Lipids are a key component of mRNA-based vaccines and therapeutics and given the COVID-19 pandemic, there is a huge global demand for these constituents, said Andrew Bulpin, head of process solutions, Merck.
The company is rolling out an enhanced synthetic cholesterol product to market nine months early,
At the start of February this year, it announced the extension of its strategic partnership with BioNTech to significantly accelerate the supply of urgently needed lipids and increase the quantities to be delivered toward the end of 2021. But the company said it tapped into its two decades long experience in developing and manufacturing lipids to ensure release ahead of that schedule.
“Our new synthetic cholesterol product is more than 99% pure, offers high batch-to-batch consistency and is scalable under commercial GMP,” said Bulpin.
In January, Merck acquired AmpTec, a Hamburg, Germany, based mRNA contract development and manufacturing organization (CDMO). That deal also helped advance the early delivery of the cholesterol product.
Bulpin said that PCR technology is another important component of mRNA manufacturing and that AmpTec uses a differentiated PCR-based technology for mRNA manufacturing, which has shown to have clear benefits over other manufacturing technologies, including advantages in homogeneity, purity, activity and flexibility, higher quality and improved performance, as well as flexible capping options to reach specific performance requirements.
He told us the combination of AmpTec’s PCR-based mRNA technology with Merck’s expertise in lipids manufacturing is key to “our integrated offering across the mRNA value chain, significantly decreasing supply chain complexity and enhancing speed-to-market.”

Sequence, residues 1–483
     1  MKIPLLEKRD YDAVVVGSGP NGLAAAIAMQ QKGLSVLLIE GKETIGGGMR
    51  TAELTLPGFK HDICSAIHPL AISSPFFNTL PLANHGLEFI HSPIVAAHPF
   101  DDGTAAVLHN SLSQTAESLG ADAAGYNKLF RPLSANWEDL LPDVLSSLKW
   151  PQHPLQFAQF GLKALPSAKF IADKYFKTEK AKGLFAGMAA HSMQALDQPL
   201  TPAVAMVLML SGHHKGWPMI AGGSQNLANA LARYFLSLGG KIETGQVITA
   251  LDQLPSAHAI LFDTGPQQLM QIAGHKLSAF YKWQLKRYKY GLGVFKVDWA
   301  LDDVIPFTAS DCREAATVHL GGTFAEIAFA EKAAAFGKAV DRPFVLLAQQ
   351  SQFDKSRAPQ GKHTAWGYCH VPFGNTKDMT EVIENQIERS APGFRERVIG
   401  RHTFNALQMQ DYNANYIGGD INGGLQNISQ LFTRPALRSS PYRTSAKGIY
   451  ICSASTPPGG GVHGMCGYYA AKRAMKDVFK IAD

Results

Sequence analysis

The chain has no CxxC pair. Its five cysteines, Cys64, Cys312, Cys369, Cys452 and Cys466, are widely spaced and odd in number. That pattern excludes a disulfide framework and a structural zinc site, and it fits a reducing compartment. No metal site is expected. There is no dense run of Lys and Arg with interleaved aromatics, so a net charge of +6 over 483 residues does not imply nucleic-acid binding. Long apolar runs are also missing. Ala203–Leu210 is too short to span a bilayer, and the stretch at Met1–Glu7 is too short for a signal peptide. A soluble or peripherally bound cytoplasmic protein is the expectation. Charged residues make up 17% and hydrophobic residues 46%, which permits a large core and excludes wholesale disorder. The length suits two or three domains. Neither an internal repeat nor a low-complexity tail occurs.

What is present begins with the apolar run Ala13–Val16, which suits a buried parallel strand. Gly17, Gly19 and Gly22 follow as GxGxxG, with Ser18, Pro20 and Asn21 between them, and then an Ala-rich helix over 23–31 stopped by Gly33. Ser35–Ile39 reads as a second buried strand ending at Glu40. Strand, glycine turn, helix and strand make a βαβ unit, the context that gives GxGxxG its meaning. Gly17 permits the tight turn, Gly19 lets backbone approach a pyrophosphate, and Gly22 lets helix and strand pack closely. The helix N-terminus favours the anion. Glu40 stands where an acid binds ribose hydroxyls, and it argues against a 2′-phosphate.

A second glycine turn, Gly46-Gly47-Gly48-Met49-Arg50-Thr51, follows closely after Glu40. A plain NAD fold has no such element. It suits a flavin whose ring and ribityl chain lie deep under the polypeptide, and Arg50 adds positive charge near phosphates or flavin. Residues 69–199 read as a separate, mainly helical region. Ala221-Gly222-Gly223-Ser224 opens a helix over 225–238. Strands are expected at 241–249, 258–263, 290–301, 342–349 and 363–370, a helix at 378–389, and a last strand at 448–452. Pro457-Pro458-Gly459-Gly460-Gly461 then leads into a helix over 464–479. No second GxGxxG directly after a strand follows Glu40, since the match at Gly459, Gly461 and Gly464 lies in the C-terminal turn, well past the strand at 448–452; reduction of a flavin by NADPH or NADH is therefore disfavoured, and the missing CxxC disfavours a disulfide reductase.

Merck flagged that it is one of only a few companies that produces lipids in quantities needed to meet demand for mRNA therapeutics.
Manufacturing lipids in Schaffhausen, Switzerland, Darmstadt, Germany and in St Louis, Missouri, US, Merck says it is collaborating with over 50 manufacturers to support them in the development and production of their COVID-19 vaccines and treatments, providing custom lipids, as well as other critical raw materials, equipment and services used in mRNA drugs and vaccines manufacturing.
March this year also saw Merck announce a €25m (US$30.4m) investment in a single-use assembly production unit at its facility in Molsheim, France, saying that many biopharmaceutical manufacturers are turning to single-use technologies for their flexibility, cost savings, speed and reduced risk, leading to double-digit market growth for this segment.
"The coronavirus pandemic has accelerated this trend, with most programs using single-use production templates,” said Chris Ross, interim sector head, Life Science, Merck, at the time.
The company also recently announced expansion projects at its sites in Darmstadt, Germany; Cork, Ireland; Buchs, Switzerland; Carlsbad, California; Madison, Wisconsin; Jaffrey, New Hampshire; and Danvers, Massachusetts. At the latter site, Merck is working to double the local single-use production capacity by the end of 2021.